Although few would deny that times are still far from easy, during 2009, the heavy lift sector has helped inject a welcome ray of optimism into the offshore and shipping industries, amid the general doom-and-gloom mood of the beleaguered global economy.
While European ship building in general has been hit hard – and many commentators say that it may be another 12 or 18 months before the full impact will really be felt as most yards are still engaged on contracts signed in healthier days – the news seems better for the heavy-lift sector.
Schiffahrtskontor Altes Land (SAL) managing director Lars Rolner says that the sector should start see a recovery earlier than many parts of the shipping industry. "The global economic crisis has also had an effect on the sector; however, we are already seeing signs that the market will recover in 2011," he says.
There is clearly a real belief behind those words – this is a company that commissioned the Sietas shipyard in June for two next-generation heavy-lift vessels, at an estimated cost of €120m.
Bigger, stronger, deeper
The growing move towards heavier lifting operations at increasingly greater depths is one trend that seems universally tipped to continue into the future, along with the concomitant development of ultra-deepwater technologies to extend offshore crane capacity. MacGREGOR's innovative fibre-rope technology, which overcomes the limits imposed by the weight of traditional steel wire at depth, and the state-of-the-art electro-hydraulic drive systems of Liebherr's new MTC 78000 crane are two such examples, and others will surely follow. The signs are already there.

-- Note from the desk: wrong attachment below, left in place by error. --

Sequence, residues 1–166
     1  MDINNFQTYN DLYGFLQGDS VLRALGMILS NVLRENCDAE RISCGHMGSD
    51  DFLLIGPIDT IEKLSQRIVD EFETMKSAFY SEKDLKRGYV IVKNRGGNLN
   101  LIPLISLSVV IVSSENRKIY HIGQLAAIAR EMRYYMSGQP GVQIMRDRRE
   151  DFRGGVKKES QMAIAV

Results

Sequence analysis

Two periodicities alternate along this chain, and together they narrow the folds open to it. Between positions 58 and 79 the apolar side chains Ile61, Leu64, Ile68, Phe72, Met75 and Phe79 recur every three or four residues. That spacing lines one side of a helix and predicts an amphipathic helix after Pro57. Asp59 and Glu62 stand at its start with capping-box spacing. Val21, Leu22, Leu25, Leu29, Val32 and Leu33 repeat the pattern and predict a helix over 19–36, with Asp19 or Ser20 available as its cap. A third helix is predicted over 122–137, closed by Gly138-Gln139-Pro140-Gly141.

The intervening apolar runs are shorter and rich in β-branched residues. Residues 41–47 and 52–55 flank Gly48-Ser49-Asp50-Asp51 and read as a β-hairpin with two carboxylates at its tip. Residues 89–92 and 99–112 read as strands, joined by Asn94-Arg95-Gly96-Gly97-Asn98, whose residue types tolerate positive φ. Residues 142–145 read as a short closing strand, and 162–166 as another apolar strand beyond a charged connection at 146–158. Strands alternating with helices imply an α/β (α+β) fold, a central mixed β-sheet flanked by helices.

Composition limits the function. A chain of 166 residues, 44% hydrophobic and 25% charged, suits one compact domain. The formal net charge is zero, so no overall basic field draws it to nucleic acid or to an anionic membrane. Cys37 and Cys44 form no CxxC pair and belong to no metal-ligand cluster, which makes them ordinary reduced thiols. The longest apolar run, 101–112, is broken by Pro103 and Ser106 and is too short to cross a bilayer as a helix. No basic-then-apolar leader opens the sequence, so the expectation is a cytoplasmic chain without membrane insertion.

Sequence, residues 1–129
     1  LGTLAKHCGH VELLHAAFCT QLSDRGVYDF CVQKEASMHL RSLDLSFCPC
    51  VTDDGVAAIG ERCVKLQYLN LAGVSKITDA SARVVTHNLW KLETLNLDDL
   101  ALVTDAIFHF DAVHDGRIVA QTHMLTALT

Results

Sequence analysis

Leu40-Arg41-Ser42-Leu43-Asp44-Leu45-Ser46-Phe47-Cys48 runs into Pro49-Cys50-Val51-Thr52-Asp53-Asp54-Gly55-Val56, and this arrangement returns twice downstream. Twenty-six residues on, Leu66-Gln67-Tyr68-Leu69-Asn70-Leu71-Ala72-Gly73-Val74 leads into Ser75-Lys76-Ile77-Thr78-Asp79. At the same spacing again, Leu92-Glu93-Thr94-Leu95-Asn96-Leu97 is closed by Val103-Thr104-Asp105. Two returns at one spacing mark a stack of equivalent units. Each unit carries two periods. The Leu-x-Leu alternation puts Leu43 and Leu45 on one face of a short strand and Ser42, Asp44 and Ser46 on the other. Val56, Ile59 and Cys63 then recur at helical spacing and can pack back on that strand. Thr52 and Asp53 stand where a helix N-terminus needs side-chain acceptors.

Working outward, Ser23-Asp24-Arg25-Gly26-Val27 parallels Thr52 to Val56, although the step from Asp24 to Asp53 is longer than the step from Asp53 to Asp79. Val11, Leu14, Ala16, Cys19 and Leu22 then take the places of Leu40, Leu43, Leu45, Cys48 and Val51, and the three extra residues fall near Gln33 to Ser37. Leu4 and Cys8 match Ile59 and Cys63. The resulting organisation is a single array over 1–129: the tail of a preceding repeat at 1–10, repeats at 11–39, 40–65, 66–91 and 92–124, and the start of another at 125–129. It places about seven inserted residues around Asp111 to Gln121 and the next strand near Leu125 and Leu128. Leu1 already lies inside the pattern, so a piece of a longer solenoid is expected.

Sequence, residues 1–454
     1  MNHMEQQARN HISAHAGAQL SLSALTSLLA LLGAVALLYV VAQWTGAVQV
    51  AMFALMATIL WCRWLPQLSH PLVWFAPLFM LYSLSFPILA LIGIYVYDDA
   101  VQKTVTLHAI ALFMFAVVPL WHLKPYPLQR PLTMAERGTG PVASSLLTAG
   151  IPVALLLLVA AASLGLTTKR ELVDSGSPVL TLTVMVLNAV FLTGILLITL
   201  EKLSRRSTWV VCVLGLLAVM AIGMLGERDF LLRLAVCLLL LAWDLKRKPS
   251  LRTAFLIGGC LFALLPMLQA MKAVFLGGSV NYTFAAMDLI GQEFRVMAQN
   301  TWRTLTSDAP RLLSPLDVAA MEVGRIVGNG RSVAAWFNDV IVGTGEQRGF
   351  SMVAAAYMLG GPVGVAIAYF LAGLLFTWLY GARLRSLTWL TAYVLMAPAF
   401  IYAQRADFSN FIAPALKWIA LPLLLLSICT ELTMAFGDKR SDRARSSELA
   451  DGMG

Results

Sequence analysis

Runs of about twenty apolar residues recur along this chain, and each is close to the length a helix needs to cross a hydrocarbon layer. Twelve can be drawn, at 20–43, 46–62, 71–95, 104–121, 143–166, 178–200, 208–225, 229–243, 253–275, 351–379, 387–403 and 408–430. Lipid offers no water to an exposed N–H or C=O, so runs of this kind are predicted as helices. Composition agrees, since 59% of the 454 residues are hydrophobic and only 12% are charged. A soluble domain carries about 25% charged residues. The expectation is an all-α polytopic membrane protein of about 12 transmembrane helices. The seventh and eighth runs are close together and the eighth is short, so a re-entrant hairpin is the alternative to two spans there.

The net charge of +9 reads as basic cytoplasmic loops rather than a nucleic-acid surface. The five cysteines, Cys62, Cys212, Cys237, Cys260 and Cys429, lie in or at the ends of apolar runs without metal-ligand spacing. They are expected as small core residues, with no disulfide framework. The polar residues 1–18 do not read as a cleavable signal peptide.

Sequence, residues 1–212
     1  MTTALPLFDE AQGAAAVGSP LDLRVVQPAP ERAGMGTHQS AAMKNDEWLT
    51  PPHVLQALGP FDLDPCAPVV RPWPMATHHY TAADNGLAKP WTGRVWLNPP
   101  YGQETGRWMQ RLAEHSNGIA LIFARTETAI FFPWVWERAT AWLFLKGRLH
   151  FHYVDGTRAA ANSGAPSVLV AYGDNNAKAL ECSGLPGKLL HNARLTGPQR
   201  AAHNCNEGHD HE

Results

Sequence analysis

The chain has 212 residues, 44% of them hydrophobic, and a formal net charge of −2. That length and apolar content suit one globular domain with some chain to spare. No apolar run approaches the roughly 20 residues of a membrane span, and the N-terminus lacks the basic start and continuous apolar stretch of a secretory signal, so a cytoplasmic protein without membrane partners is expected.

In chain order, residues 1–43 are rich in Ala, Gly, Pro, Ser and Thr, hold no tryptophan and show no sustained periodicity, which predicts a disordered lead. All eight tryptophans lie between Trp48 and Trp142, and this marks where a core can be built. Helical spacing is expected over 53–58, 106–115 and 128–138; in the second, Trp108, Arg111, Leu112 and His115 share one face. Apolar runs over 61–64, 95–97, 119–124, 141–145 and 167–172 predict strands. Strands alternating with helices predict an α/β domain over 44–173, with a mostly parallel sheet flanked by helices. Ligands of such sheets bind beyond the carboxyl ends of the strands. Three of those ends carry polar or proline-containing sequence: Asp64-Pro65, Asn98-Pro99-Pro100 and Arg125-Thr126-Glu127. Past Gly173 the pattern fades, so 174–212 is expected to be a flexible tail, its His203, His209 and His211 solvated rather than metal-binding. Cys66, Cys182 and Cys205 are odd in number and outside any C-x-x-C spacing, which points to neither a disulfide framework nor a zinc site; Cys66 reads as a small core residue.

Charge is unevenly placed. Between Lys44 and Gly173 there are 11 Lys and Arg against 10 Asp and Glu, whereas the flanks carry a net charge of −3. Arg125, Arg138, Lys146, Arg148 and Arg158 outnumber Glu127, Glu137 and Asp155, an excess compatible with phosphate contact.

Two months after the first MTC 78000 – one of the largest offshore slewing cranes in the world – was delivered to the heavy load vessel OSA Goliath, Jumbo's fourth and latest J Class vessel, MV Jumbo Jubilee, set a new tandem heavy-lift record during tests at the Huisman yard in Schiedam. At 1,992t, the ballasted pontoon lifted by the two 900t mast cranes – the heaviest load ever for a heavy-lift transport ship – exceeded the required 10% over combined safe working load to meet Lloyd's Certificate of Compliance conditions by 12t.
On the very same Saturday in August, and just five miles further east at Krimpen aan den Ijssel, another record was being made as the Oleg Strashnov was launched for Seaway Heavy Lifting. Equipped with 5,000t crane capacity, this is the largest mono-hull heavy-lift vessel in the world – and the largest ship ever built by IHC Merwede.
Admittedly, such developments do not herald anything like the sort of quantum leap for the sector that the arrival of the Balder and Hermod semi-submersible crane vessels did back in 1979 but 30 years on and 'bigger, stronger, deeper' remains just as relevant. Follow this rolling momentum to its logical conclusion and many believe that a natural and obvious impetus emerges that will inevitably tend to favour designing cranes with greater capacity and height. If so, then the challenge here may lie in how effectively novel heavy-lift technologies can be outlined, how readily any new breed of supercranes can be fabricated and how large a part aging and obsolescence will ultimately play in dictating what constitutes a cost-effective and time-efficient lift.